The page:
Before writing something intrinsically political in nature, one must always ask, “Is this going to be worth the effort?” Certainly, there are a lot of hot topics raised by the Democratic Debate the other night and the normal social media response is to ignore everything that has been written, lump the writer into one of two possible realities, and take a giant dump over everything that has been said. In almost any other situation, I would have decided to stay silent regarding the gathering of Hillary Clinton, Bernie Sanders, Jim Webb, Lincoln Chafee, and Martin O’Malley. I haven’t been following the rhetoric that has been used on the campaign trail, and until very recently I didn’t know anyone was actually running against Clinton for the democratic vote. (I had originally thought the Bernie Sanders was an Independent candidate, and only a week ago did I learn that Joe Biden was in the Democratic race. Oops.)
Why did I break down and decide to write anything about the Democratic Debate? It really comes down to this: the candidates present were required to deal with issues that are very close to my heart, specifically the student debt crisis and the criminal acts on Wall Street that brought about the 2008 recession. Originally, I had hoped that Elizabeth Warren would have become a Democratic forerunner and Ron Paul a voice in the Republican debates, the idea being that if we had people on either side of the aisle critical of Wall Street the other candidates might be forced to take a position now and take action later. Whether Sanders and Paul’s son Rand (who I have yet to see resemble his father in terms of true courage and vision, but who I hope will come around) are going to be enough to push this issue forward for at least another twelve months remains to be seen. However, the Democratic Debates leave me hopeful in this regard.
There was something really wonderful that came from my viewing of the Democratic Debates, namely a belief that these candidates project an image of being devoted to unpacking complicated ideas and educating the American public. This piqued my interests and forced me to put on my philosopher hat. Throughout the debate I was reminded of the fundamental two questions that underlie this event:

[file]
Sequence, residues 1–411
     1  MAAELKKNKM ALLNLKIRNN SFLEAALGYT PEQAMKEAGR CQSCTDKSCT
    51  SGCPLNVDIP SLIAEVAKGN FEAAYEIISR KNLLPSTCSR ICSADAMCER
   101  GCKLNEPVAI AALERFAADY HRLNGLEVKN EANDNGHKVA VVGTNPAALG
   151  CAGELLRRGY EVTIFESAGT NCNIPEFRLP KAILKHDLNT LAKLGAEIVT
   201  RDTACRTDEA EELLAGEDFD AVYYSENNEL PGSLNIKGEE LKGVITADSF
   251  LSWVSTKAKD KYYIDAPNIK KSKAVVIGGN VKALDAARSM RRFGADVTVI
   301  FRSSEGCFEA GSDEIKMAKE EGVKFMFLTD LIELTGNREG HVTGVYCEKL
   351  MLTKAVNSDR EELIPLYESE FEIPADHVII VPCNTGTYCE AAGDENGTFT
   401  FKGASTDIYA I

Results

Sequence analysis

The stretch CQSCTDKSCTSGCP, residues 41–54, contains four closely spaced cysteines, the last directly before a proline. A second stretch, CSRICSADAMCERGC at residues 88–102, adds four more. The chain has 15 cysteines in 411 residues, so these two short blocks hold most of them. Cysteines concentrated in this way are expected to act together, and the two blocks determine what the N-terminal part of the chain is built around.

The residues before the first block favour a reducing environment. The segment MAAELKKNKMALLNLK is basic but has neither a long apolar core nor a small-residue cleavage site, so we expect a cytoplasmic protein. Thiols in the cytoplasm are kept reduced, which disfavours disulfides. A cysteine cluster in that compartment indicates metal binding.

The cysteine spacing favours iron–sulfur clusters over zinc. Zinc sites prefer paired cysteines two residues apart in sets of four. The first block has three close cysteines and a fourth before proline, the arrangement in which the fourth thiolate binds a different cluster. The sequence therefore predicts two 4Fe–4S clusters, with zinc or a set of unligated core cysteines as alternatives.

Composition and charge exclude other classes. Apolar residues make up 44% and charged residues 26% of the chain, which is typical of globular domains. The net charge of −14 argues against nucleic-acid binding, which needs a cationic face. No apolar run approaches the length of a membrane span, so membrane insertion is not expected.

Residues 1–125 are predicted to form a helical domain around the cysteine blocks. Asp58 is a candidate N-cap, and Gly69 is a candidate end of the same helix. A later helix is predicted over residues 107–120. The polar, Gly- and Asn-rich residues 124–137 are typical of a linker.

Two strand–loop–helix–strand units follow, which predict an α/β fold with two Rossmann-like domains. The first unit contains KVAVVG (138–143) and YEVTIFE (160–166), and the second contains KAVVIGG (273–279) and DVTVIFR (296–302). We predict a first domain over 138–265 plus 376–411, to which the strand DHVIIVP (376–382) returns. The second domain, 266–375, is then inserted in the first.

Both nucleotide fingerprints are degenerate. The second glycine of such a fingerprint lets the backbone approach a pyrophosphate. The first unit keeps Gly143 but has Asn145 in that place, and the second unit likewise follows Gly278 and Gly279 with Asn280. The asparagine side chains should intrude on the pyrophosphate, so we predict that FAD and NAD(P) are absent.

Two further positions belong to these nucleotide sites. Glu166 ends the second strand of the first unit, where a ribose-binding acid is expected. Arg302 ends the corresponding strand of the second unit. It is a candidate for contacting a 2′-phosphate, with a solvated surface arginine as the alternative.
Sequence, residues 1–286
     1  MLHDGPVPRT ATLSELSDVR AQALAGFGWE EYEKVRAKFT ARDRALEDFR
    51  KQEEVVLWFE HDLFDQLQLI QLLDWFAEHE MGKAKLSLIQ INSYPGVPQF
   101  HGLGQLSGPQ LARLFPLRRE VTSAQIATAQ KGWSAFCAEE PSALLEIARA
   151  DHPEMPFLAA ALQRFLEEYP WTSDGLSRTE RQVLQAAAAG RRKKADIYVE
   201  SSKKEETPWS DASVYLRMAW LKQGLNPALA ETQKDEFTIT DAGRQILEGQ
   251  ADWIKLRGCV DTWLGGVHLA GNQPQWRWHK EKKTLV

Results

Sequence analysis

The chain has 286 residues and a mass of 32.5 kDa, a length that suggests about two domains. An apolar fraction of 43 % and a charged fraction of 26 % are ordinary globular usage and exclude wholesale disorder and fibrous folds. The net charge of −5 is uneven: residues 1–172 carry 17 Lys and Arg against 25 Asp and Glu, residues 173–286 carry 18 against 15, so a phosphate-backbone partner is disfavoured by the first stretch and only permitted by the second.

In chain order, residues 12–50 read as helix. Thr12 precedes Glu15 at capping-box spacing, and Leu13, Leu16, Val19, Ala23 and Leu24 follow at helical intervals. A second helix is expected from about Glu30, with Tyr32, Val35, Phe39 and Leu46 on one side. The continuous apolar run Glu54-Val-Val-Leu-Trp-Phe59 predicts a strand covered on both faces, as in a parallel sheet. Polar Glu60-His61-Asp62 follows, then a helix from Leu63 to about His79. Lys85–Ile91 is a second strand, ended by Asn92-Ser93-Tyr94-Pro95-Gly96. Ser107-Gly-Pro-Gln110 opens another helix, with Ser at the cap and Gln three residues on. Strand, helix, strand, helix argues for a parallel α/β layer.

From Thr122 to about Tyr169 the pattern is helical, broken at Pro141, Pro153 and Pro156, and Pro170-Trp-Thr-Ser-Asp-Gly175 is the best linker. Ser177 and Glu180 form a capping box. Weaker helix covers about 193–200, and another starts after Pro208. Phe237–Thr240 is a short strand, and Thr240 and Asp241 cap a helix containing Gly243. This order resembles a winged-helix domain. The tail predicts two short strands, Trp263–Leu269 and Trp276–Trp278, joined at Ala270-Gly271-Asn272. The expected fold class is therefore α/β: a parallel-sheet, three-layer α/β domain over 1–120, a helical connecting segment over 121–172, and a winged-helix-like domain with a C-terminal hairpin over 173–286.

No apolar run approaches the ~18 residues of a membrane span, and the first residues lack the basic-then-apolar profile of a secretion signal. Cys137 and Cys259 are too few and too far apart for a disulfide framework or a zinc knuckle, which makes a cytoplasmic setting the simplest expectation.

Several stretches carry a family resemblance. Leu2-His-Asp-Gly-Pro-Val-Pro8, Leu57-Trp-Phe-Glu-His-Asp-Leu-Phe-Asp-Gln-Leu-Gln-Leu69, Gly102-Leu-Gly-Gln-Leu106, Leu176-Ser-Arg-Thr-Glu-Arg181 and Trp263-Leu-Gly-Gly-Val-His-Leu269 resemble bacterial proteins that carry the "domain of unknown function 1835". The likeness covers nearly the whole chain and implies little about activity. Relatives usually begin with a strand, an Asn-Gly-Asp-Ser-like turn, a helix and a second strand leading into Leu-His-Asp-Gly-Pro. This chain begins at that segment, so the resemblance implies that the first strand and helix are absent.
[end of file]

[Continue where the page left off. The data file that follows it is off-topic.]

- What qualifies someone to be the President?
- Is it more important for participants in a primary debate to be allies or enemies?
If you want to watch the full democratic debate, it is available, at least for a limited time, on YouTube:
(By the way, hit me up if the YouTube video dies. I will try and find another posthaste.)
Perhaps just as important, if you’re going to put together an informed opinion on the candidate, you should also check out the article “FactChecking the Democratic Debate” from FactCheck.org. This is a great resource for basically any speech or debate that you watch, because, whether purposely or through a slip of the tongue, the truth is often obfuscated at events like this and you deserve to know when this occurs.
I am not offering reflections on the politics of the candidates, but rather a personality profile. You have seen political rundowns everywhere. My intentions, as usual, are much more philosophical in nature. I am perfectly OK with questions remaining unanswered. With that in mind, Hillary Clinton was the most presidential candidate at the debate in just about every meaning of the word. She held herself like the Chief Executive of this nation and years of experience oozed through every word.
Keeping this in mind, I want to make a recommendation. We are better off as a nation without Hillary Clinton for president. Yes, that sounded like troll-bait, but let me finish this thought. Clinton is the type of politician who is gifted at fulfilling a role. She is at her best when she is allowed to be bold and fierce dealing with very specific policy issues and situations. That is not the president’s job. The danger of having Clinton in the oval office is that she would attempt to do too much of the work herself. Watching this debate has helped me develop a fairly stable concept of the definition of a good presidential candidate. The president ought to be a visionary leader and first delegator. In many ways, I have more respect for Clinton than any of the other candidates present, and it is clear to me that though she wasn’t the loudest voice she certainly won the debate, but that does not mean she should be president. You don’t want an experienced martial artist in the world as your chief filing clerk, not when there’s ninja-ing to do. Similarly, you don’t want Hillary Clinton tied down by the chains of being the public face of the United States of America.